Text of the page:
National Migration Week from Jan. 3-9 includes postcard campaign
COLUMBIA—The holiday season is a time when travel is on everyone’s mind. Individuals and families hit the highways, catch cross-country and international flights, and fight crowded train and bus stations all in an effort to be close to family and friends.
The United States Conference of Catholic Bishops is asking Catholics to remember people who travel for completely different reasons, either because they are fl eeing injustice or must be on the road for work to support their families.
The USCCB is sponsoring the 2010 National Migration Week from Jan. 3-9 with the theme, “Renewing Hope, Seeking Justice.” The conference started the observance more than 25 years ago as a time for Catholics to learn about the wide diversity of migrant people in the church and the ministries serving them. A Web site offers more perspective at www.usccb.org/mrs/nmw/index.shtml.
Organizers are focusing on the concerns of migrant children as a sub-theme this year, following the lead of Pope Benedict XVI, who said he will focus on minor migrants and refugees for the 2010 World Day of Migrants and Refugees.
Bishop Robert E. Guglielmone has expressed his support for the initiative. In celebration of the week, the Diocese of Charleston’s Office of Ethnic Ministries will launch the Justice for Immigrants postcard campaign around the state, according to Kathleen Merritt, director of ethnic ministries.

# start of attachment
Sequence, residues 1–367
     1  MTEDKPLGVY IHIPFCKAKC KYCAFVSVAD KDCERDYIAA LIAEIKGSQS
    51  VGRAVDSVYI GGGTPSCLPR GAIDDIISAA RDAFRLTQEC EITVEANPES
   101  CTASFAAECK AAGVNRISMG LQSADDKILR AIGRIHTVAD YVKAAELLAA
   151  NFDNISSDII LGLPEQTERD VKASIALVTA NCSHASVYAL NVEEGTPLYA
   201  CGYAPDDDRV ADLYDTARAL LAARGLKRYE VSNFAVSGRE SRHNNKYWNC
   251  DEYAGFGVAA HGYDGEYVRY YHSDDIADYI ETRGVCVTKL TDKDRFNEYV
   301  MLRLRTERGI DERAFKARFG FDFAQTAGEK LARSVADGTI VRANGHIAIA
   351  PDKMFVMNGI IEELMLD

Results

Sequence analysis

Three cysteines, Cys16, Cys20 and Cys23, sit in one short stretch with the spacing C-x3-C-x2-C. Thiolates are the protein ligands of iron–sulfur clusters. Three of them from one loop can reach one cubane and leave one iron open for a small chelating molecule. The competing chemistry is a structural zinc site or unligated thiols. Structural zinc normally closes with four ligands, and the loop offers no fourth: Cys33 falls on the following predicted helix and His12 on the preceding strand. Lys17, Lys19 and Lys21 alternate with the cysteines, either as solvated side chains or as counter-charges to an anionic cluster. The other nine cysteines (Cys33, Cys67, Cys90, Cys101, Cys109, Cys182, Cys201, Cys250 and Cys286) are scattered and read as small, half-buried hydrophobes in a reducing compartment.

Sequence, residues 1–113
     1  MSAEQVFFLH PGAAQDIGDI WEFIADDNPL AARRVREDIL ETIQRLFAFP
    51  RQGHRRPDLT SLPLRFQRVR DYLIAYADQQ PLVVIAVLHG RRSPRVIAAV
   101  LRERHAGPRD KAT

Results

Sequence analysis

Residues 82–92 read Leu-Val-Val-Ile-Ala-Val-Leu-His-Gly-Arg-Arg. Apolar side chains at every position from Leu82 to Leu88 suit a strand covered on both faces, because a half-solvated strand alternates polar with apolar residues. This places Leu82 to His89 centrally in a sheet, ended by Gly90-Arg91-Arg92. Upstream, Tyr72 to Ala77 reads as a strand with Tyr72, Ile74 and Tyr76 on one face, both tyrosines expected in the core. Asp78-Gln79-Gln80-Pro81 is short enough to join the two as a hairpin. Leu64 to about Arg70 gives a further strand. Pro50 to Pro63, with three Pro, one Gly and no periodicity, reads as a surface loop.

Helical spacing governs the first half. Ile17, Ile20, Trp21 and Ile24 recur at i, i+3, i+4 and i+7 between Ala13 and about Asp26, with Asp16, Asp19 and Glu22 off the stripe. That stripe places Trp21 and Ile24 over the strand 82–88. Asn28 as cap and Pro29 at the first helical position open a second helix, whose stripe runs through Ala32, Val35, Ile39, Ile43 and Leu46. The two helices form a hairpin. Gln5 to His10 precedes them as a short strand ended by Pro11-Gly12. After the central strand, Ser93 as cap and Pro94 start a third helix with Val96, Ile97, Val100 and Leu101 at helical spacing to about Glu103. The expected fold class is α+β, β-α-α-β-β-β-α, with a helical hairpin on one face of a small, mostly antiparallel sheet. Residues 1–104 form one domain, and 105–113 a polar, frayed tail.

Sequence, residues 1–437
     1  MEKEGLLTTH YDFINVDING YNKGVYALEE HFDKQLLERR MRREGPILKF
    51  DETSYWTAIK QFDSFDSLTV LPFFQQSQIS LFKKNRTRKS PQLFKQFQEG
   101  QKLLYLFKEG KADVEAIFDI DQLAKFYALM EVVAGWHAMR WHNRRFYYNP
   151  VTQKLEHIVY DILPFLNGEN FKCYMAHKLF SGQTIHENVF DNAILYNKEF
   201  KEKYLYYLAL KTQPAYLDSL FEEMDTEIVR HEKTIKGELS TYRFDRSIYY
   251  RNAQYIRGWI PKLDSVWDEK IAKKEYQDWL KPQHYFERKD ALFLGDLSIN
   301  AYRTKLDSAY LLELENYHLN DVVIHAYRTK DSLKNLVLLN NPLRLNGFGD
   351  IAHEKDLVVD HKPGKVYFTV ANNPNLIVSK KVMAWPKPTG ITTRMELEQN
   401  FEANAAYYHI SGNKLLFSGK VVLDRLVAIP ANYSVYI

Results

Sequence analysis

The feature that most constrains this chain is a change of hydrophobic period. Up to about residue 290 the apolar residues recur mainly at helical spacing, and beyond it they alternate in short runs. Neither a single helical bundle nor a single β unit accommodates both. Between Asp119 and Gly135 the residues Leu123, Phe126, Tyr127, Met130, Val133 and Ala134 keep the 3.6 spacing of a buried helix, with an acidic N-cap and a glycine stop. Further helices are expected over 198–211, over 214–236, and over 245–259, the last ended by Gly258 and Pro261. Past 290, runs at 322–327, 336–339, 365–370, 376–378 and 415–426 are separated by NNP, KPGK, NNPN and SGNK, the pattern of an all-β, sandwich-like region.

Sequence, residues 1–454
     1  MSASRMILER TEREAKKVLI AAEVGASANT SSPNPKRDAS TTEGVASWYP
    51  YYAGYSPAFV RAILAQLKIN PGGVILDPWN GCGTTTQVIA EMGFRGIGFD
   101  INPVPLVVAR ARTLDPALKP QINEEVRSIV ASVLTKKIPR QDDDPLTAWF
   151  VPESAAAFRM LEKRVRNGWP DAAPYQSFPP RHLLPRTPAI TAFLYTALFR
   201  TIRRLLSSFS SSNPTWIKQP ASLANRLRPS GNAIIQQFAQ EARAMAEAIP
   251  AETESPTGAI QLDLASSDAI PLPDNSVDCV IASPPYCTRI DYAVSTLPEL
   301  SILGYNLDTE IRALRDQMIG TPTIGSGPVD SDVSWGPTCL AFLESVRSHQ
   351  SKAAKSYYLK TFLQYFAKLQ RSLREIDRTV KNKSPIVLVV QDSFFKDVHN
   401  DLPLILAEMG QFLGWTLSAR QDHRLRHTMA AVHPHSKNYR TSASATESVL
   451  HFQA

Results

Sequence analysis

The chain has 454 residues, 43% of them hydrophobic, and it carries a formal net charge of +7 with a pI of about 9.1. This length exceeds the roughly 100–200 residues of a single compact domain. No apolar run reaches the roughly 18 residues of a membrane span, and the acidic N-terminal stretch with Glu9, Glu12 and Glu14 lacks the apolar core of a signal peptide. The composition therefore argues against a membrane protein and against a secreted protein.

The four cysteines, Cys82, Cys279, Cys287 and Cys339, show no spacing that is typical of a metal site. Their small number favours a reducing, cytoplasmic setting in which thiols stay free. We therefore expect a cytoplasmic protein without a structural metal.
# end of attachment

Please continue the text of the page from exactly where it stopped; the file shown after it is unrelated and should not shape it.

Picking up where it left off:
Justice for Immigrants is a campaign supported by the USCCB and other national organizations. It advocates comprehensive immigration reform in the United States. The goals include educating the Catholic community about church teaching on migration and immigrants and creating political will for positive immigration reform.
Beginning Jan. 1, the Justice for Immigrants postcard campaign will call for immigration reform that focuses on keeping families together, includes sensible and humane enforcement policies, and offers a chance for immigrants without legal status to register with the government and begin a path toward citizenship. The postcards will be addressed to South Carolina legislators in Washington, D.C.
Merritt is working with Lindamarie Richardson, president of the South Carolina Council of Catholic Women, to spread the word about the campaign through its membership. The idea behind it is outlined at www.justiceforimmigrants.org.
“There are a lot of hard decisions that have to be made in Washington, and the people that are making them are going to have to look beyond what’s on paper in a dollar amount,” Merritt said. “I would hope that in dealing with immigration, they’d look beyond finances, look to their hearts and let God guide them. We need to trust God that he’ll work it out.”
Parishes wishing to participate in the postcard campaign can contact Merritt at (864) 242-2233, ext. 214 or email@example.com.